For your last comment, I also agree that if you know rails then you don't really need to learn django since they are both similar (however I do profer django because of its no magic philisophy and because python is a better language than ruby) but I believe that you also don't need to go the SPA route until somebody specifically asks for an SPA and has good reasons asking for it (or you want to learn the technology and modern frameworks that surround SPAs).

As a final comment, I have to say that really like all those modern frameworks (especiall react and redux) but I won't consider them for my day-to-day job since instead of creating something in 1 week I'd need 1 month using these technologies.

I think you and I are actually not far apart on this at all. Everything you mentioned Django does well. And so does Rails. And I sorely miss the beauty of Django admin in the world of SPA's.

I agree and disagree. I think API first and some form of a SPA is insanely powerful and probably the way to go for most larger scale projects. For everything else there is a lot of things that can be solved from a simple templating system. Sure its not as sexy but for a lot of the business cases you really don't need a sexy interface.

My favorite example is the bloatware that is Asana. I would be 10x happier if it was a using simple components written in JS but not the whole app hiding inside of a bloated SPA.

Where do you draw the line on larger scale projects? Also how do you handle optimistic updates for things like drag and drop?

1) -> Yeah sure. Without knowing what the project is about, this approach will surely cover all bases. /s

I've already put about 10x the effort (based on character count) into answering the question than the person put into asking it. I wasn't actually attempting to cover all the bases; that'd be a few books and blog articles.

If the goal is to learn Django, then the basic tutorial is a great place to start, especially for a Rails engineer. If the goal is to build something from scratch in 2017, Django is probably not good choice for someone that's already a Rails expert.

Django would be a great way to set up an admin interface and rapidly get a CRUD interface going for an app of 20+ inter-related tables going. But the OP is already a Rails engineer, and in the modern world they're not going to be gaining much. Django is indeed a nice way to make REST backends, but so is Rails.

If the idea is to learn something new for an existing Rails engineer, then single page apps are a good choice or some other way to make backends (such as Flask) would be a superior investment of time.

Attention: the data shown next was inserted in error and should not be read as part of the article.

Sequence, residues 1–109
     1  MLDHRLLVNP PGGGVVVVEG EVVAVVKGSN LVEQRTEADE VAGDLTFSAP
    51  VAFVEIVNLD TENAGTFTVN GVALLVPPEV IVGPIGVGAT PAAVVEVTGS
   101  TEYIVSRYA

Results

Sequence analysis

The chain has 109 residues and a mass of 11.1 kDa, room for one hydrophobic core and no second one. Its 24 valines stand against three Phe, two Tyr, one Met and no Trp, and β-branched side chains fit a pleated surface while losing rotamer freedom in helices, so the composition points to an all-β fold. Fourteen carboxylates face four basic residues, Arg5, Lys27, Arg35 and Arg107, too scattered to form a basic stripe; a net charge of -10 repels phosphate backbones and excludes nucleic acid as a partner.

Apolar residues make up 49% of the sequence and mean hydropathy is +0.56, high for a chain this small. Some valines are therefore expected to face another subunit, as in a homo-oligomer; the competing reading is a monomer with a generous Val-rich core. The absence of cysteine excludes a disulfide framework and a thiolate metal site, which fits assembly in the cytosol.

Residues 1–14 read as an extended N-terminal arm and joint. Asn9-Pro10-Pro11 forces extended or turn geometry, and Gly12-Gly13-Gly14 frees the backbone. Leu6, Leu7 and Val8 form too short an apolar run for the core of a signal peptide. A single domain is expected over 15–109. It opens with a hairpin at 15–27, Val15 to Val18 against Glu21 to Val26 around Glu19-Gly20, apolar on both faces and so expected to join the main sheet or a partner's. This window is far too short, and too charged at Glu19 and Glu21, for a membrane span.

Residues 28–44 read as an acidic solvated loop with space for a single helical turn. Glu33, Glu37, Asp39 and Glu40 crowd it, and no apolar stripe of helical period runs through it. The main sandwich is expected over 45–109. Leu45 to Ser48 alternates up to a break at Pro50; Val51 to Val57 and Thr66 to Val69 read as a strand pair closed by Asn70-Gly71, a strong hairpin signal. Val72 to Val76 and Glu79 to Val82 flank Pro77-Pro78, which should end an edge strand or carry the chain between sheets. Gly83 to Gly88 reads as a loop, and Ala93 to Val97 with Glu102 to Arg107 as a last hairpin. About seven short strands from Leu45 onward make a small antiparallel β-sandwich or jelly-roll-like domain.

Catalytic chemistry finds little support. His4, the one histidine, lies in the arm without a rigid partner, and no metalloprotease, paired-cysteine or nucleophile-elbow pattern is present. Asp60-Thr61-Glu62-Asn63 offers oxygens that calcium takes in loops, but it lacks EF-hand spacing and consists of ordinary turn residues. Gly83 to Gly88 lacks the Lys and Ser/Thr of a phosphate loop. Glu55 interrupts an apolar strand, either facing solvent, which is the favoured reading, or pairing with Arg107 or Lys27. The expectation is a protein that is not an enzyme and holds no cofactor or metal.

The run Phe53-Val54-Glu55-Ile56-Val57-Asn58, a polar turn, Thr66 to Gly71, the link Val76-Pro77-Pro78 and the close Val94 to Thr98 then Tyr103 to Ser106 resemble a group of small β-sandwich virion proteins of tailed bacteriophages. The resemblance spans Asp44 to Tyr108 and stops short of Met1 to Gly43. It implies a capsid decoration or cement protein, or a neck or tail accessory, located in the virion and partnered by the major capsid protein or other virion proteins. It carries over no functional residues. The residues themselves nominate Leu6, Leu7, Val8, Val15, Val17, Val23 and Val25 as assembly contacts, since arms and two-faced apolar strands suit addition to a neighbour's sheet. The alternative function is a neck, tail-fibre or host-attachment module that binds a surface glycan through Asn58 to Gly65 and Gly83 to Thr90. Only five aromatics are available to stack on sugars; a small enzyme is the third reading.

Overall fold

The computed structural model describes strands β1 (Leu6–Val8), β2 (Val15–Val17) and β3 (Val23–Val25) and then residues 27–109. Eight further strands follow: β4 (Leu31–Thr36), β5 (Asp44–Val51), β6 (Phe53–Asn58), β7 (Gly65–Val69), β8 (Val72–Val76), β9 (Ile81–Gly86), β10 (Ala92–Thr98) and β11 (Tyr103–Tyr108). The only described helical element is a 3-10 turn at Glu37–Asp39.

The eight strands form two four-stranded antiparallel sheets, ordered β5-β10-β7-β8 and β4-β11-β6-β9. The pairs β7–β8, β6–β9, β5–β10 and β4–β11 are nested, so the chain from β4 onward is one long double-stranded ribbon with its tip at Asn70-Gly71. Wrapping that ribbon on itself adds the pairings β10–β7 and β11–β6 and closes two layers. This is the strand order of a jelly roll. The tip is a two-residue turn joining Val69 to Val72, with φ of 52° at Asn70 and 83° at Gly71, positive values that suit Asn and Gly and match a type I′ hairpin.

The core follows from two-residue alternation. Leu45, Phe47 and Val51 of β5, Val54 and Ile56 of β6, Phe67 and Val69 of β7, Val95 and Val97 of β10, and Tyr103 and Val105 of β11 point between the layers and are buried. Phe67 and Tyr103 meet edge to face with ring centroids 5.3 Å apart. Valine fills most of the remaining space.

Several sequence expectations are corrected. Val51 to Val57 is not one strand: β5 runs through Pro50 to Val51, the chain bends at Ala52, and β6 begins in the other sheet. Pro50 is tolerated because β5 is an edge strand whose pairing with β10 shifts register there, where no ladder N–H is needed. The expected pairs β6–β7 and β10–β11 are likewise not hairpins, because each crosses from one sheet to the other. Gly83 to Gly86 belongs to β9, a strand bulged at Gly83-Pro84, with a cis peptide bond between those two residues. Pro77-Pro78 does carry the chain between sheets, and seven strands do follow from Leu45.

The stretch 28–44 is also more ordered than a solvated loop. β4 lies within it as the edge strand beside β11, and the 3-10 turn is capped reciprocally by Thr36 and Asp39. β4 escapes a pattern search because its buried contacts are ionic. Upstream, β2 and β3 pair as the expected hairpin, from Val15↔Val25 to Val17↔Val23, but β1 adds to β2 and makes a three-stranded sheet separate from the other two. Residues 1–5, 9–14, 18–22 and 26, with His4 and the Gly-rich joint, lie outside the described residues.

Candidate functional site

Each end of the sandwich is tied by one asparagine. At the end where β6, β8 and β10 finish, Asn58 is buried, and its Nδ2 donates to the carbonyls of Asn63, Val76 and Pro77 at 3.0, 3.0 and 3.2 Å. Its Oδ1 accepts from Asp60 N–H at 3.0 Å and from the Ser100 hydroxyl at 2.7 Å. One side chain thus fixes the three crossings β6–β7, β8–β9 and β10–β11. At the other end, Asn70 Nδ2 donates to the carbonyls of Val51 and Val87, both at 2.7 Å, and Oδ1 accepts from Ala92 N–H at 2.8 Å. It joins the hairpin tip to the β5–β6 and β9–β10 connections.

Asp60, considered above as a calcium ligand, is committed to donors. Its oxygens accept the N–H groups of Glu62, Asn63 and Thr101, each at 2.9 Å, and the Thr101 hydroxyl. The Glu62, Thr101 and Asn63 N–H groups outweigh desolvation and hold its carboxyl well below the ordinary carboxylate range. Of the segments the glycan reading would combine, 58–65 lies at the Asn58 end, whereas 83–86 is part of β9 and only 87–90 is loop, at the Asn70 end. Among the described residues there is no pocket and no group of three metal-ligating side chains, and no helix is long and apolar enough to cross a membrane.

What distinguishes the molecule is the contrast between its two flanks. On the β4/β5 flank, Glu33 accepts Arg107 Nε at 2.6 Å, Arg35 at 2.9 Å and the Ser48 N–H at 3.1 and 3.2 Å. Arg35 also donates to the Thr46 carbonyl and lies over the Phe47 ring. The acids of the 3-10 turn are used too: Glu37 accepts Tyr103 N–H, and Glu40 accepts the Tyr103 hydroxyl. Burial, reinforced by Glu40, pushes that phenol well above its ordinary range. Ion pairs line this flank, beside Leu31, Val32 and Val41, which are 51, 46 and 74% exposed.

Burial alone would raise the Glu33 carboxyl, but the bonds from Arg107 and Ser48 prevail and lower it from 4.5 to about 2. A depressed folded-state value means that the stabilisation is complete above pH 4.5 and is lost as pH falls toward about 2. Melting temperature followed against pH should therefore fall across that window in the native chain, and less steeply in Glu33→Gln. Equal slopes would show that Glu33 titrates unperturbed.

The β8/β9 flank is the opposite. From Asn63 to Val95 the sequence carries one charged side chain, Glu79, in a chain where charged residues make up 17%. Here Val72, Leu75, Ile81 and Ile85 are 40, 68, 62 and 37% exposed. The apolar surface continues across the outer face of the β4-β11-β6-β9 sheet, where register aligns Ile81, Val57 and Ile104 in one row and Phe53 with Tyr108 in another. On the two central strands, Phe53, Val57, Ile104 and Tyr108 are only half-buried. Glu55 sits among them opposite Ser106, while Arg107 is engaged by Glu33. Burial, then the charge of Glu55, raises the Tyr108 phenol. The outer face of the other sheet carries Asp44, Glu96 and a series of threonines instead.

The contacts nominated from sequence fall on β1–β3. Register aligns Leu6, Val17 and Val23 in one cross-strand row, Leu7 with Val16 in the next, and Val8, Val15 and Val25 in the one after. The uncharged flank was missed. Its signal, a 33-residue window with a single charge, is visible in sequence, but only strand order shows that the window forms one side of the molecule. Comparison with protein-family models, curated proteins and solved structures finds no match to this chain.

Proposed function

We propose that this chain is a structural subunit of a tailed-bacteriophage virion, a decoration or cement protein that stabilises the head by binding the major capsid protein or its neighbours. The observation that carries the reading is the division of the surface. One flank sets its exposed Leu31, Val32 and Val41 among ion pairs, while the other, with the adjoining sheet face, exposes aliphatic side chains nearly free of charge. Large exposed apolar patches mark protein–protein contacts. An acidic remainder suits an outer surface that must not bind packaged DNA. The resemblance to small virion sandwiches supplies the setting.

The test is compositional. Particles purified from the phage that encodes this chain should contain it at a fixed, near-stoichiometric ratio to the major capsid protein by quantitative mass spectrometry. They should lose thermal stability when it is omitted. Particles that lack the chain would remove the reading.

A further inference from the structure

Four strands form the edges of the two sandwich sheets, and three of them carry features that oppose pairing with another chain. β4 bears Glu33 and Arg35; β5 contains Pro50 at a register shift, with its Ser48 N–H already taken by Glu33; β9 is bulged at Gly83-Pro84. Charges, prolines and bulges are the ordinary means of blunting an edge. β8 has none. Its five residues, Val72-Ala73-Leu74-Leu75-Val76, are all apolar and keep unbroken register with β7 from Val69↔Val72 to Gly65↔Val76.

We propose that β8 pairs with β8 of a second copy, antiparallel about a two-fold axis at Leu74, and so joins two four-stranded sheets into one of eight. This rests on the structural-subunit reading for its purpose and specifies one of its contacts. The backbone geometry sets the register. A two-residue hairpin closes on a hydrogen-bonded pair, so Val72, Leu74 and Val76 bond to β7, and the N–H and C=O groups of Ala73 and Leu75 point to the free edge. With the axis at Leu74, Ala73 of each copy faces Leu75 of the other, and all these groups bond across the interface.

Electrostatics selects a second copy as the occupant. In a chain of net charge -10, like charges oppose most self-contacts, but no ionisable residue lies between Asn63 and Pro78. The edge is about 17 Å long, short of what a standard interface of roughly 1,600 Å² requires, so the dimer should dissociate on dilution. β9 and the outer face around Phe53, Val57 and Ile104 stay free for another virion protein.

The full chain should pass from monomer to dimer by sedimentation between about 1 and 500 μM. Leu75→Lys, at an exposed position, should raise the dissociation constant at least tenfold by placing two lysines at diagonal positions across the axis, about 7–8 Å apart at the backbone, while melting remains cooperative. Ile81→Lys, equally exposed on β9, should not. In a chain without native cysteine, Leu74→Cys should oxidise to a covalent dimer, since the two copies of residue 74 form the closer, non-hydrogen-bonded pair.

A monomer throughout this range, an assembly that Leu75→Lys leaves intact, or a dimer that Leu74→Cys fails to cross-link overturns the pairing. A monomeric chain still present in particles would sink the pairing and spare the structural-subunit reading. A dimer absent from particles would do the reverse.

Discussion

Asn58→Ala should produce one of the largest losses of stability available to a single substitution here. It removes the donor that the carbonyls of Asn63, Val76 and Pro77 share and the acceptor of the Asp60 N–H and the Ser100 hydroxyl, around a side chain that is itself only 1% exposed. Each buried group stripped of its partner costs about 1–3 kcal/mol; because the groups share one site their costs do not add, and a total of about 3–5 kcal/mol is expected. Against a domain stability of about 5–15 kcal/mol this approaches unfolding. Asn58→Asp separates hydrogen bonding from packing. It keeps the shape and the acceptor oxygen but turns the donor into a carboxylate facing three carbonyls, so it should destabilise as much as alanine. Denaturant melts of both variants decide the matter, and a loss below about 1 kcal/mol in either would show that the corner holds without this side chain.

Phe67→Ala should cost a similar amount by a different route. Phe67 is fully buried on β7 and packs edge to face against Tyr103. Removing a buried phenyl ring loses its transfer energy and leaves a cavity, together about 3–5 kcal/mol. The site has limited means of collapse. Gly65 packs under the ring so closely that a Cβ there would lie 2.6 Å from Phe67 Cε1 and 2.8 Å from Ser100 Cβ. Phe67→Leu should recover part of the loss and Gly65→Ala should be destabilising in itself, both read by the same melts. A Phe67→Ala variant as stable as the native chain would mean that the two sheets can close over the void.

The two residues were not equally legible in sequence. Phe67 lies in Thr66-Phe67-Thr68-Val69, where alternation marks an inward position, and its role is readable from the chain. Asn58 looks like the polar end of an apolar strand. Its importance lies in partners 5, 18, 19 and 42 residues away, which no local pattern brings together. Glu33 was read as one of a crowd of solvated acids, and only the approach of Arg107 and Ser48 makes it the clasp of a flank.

Django is an excellent choice for writing a REST backend though.

It definitely can be, but for myself I find it easier to use Flask for that particular case.

How smooth is to upgrade your app to every future release of Django? Starter here, on Python and then Django.

In very broad terms it's not bad. The docs are great and they give specific advice for upgrades.

With that said you may find many 3rd party apps / utils lagging. A couple libs I use still don't support new style middleware, for instance.

With 2.0 dropping support for py2.7 this might cause more pain points for poorly maintained libs but all in all keeping up with Django releases is pretty straightforward and almost always worth it.

Source: happily using Django since 2008.

Ditto leetrout: upgrading Django itself is easy, with great release notes, deprecation warnings, and long support windows for old versions.

We always end up with a bunch of third party libraries, though, and those end up being upgrade blockers.

A notable example recently was django-tastypie, which didn't cut a Django 1.10-compatible release for 11 months after it came out -- four months after Django 1.9 lost security support. So part of our Django 1.10 upgrade was moving to another REST framework.

(If you don't want that kind of churn, sticking to LTS would make sense - I think 1.8 still has support.)

If you stick to LTS releases, you are guaranteed to be able to upgrade from one LTS to the next without breaking changes. There will only be deprecation warnings about the next LTS release.

So basically nothing new. Nothing about channels, ASGI or any async support which IMHO are way overdue to be included.

Hmm, I haven't done much with Django in a while, but for a major version this seems a bit... underwhelming.

Dropping python2 is a pretty big feature alone.